Paradoxically, though, the cyberattack has actually increased the average American’s opinion of oil and gas pipelines now that the disruption of a major one became so apparent, at least based on early polling. This could herald a shift in the position of the current US government regarding domestic pipeline infrastructure, moving away from demonising it to investing in it (or at least existing ones) if only to secure them against cyber-threats. And maybe, possibly, even soften Joe Biden’s stance on new projects, including Keystone XL?
In a statement posted on its dark webpage, DarkSide stated that it would vet ‘customers’ in the future to ‘avoid social consequences’. Which is all good and well, but the fact that the cyberattack was successful in the first place, and that Colonial Pipeline actually paid the ransom (against all FBI and federal advice) could mean a cyberattack frenzy in the near future. A few lines of code, a savvy hacker and an unknown vulnerability could yield millions of dollars in untraceable crypto-currencies. IT and risk departments across all energy companies worldwide must be quaking in their boots. Because the threat of cyberterrorism and ransomware is now ever-present and ever-dangerous, from Texas to Thailand, New York to Nigeria. In May 2021, it was the largest refined fuels pipeline in the US. It could be a rig, a cargo ship or even an entire refinery tomorrow.
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- Crude price trading range: Brent – US$67-69/b, WTI – US$64-66/b
- Steady is the global crude oil price ship, with benchmark contracts staying stable in their ranges on demand recovery in key consumption regions (US, Europe and China) smoothing over the asymmetrical global recovery as Covid-19 continues to flare up in South Asia, and even previously safe spots Taiwan, Singapore and Japan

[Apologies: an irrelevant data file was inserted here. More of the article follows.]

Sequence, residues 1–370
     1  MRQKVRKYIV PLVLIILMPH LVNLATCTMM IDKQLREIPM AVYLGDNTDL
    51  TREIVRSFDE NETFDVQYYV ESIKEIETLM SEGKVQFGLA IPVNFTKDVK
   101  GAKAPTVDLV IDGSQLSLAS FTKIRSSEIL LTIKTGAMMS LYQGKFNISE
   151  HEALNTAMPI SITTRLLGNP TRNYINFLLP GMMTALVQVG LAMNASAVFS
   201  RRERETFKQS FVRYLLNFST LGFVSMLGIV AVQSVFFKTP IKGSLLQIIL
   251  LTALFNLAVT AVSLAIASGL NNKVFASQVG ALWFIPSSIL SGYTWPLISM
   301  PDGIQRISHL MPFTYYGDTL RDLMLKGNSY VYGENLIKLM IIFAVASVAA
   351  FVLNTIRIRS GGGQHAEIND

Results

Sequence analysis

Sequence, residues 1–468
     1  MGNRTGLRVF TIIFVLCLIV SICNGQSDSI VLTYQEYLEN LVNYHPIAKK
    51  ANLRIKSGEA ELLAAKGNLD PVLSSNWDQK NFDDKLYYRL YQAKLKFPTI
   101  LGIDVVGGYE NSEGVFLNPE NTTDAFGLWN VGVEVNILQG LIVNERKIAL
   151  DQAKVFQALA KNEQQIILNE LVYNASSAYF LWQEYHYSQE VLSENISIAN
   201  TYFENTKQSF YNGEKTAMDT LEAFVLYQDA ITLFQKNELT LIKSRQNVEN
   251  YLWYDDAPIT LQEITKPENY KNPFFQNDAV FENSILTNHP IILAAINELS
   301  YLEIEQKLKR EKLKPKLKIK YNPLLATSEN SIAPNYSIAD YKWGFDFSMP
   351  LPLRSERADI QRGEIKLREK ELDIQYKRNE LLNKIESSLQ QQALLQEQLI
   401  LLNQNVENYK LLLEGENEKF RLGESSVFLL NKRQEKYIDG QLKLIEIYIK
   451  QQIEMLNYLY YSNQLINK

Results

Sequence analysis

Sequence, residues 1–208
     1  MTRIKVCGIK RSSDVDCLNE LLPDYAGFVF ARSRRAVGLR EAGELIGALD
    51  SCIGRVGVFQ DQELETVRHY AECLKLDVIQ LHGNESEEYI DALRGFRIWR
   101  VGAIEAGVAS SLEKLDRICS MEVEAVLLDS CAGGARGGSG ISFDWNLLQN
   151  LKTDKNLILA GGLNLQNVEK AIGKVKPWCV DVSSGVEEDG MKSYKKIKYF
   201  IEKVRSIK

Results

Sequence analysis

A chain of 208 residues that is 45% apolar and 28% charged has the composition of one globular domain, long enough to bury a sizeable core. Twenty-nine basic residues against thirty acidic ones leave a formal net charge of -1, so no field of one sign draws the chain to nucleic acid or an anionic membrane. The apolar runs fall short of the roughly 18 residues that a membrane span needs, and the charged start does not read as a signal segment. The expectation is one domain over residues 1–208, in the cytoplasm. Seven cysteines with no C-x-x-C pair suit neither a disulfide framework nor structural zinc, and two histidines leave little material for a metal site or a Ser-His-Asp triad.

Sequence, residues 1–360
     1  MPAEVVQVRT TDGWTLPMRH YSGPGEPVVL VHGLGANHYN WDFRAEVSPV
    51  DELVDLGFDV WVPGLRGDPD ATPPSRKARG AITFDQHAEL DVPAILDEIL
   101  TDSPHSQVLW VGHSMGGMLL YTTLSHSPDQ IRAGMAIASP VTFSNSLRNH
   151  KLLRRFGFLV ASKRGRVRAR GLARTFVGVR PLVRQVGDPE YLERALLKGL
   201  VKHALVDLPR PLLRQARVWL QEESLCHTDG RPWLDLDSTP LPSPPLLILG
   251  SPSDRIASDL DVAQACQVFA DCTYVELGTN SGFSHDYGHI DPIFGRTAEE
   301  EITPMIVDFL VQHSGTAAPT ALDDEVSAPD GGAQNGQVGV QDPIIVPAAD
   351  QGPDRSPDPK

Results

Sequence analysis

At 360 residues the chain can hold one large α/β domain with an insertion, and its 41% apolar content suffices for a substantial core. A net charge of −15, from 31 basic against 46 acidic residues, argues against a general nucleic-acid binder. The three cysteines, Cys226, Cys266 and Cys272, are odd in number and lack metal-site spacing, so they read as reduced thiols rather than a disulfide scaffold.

- A new chapter of Israeli-Palestine violence may begin to add risk premiums to crude trading on the potential on infrastructure disruptions in the Middle East and a potential reset of Israel’s relationship with new allies like the UAE and Bahrain
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On 10 December 2021, if all goes to plan Royal Dutch Shell will become just Shell. The energy supermajor will move its headquarters from The Hague in The Netherlands to London, UK. At least three-quarters of the company’s shareholders must vote in favour of the change at the upcoming general meeting, which has been sold by Shell as a means of simplifying its corporate structure and better return value to shareholders, as well as be ‘better positioned to seize opportunities and play a leading role in the energy transition’. In doing so, it will no longer meet Dutch conditions for ‘royal’ designation, dropping a moniker that has defined the company through decades of evolution since 1907.
But why this and why now?
There is a complex web of reasons why, some internal and some external but the ultimate reason boils down to improving growth sustainability. Royal Dutch Shell was born through the merger of Shell Transport and Trading Company (based in the UK) and Royal Dutch (based in The Netherlands) in 1907, with both companies engaging in exploration activities ranging from seashells to crude oil. Unified across international borders, Royal Dutch Shell emerged as Europe’s answer to John D Rockefeller’s Standard Oil empire, as the race to exploit oil (and later natural gas) reserves spilled out over the world. Along the way, Royal Dutch Shell chalked up a number of achievements including establishing the iconic Brent field in the North Sea to striking the first commercial oil in Nigeria. Unlike Standard Oil which was dissolved into 34 smaller companies in 1911, Royal Dutch Shell remained intact, operating as two entities until 2005, when they were finally combined in a dual-nationality structure: incorporated in the UK, but residing in the Netherlands. This managed to satisfy the national claims both countries make on the supermajor, second only to ExxonMobil in revenue and profits but proved to be costly to maintain. In 2020, fellow Anglo-Dutch conglomerate Unilever also ditched its dual structure, opting to be based fully out of the City of London. In that sense, Shell is following the direction of the wind, as forces in its (soon to be former) home country turn sour.